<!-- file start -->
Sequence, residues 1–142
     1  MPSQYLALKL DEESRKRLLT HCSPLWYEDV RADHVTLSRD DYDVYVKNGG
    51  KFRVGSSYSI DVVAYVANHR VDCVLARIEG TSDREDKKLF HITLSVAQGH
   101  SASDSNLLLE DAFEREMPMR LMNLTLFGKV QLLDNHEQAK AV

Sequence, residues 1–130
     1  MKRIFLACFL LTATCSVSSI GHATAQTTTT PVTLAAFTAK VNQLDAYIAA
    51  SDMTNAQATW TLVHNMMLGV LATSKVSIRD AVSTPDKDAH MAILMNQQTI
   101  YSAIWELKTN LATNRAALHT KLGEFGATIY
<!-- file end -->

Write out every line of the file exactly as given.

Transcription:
Sequence, residues 1–142
     1  MPSQYLALKL DEESRKRLLT HCSPLWYEDV RADHVTLSRD DYDVYVKNGG
    51  KFRVGSSYSI DVVAYVANHR VDCVLARIEG TSDREDKKLF HITLSVAQGH
   101  SASDSNLLLE DAFEREMPMR LMNLTLFGKV QLLDNHEQAK AV

Sequence, residues 1–130
     1  MKRIFLACFL LTATCSVSSI GHATAQTTTT PVTLAAFTAK VNQLDAYIAA
    51  SDMTNAQATW TLVHNMMLGV LATSKVSIRD AVSTPDKDAH MAILMNQQTI
   101  YSAIWELKTN LATNRAALHT KLGEFGATIY